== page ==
Me: What’s your favorite cookie?
Nicole: Um, they’re called Candy Cane cookies and it’s an almond cookie and you split the dough half and half – one half is white the other half is red!
Me: I hate those!
Nicole: I know – other people have said that too. My mom makes the best! I don’t know what it is, but they are good! I also love Melting Moments – with frosting! And then Pecan Tassies – they look like mini pecan pies – they have a crust that you bake in these small tins the size of a quarter. Those are my favorites!
Me: What is your favorite childhood baking/cooking memory?
Nicole: Christmas cookie baking with nieces and nephews is a lot of fun. We’ve done it every year since I remember. It’s a tradition. A lot of fun!
Me: When baking, do you have a favorite holiday album that you play?
Nicole: Ha! Yeah. BeBe and CeCe’s Christmas album – it’s traditional Christmas music – my parents played it. Not something I’d pick, but it was what my parents listened to so I liked it. Kenny G instrumental is a good one. And then I like the really shallow Christmas music! There’s no such thing as shallow Christmas music cause it’s all the traditional stuff, but the musicians are shallow! Like Jessica Simpson, Mariah Carey, NSync!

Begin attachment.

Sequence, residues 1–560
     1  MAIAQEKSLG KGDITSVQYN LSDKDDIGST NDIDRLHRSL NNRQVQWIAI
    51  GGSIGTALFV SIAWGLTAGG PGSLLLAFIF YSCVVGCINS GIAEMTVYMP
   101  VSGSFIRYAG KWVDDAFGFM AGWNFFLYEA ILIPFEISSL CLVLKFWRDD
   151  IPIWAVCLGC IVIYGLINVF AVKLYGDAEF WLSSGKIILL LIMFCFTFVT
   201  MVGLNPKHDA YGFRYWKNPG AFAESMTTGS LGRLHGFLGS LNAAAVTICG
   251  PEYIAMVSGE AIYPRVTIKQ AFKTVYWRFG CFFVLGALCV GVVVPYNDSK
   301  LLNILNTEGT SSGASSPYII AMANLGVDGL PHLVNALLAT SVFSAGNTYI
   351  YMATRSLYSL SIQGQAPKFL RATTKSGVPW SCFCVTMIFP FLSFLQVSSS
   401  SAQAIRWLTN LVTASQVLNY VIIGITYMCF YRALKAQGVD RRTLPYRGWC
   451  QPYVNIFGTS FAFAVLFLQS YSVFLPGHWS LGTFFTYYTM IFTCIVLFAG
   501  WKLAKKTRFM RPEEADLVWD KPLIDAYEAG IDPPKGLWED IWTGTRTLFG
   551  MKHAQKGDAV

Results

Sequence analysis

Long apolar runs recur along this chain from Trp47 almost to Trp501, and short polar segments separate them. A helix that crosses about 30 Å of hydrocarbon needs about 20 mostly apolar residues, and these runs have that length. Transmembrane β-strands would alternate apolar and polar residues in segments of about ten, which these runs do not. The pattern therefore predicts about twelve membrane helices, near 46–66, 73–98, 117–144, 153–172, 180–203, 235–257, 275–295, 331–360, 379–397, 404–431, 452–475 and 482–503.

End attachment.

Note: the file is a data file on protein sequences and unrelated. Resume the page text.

We took a short “interview” break and listed a few other “shallow” musicians. We laughed and guzzled down our Bubble Tea before continuing.
Me: So, with all the eating and baking of rich foods, how do you stay healthy during the holidays?
Nicole: I think definitely making it (holiday cookie baking) as a family/group and then splitting everything up so we don’t each have hundreds of cookies. I bring some to work – as much as I love them, I can get sick! Giving to others is a good solution. I freeze them, too. The vast majority I freeze and then eat on Christmas Day. I let myself eat as much as I want on Christmas Day. I feel it’s part of the holiday tradition. Don’t restrict yourself because then it’s more tempting. I find even when I bake for myself, I’m not one who can eat a ton without getting sick.
Me: You are all about moderation…?
Nicole: I don’t know if I’d say that. I’m not about restriction because that’s when you moderate the best.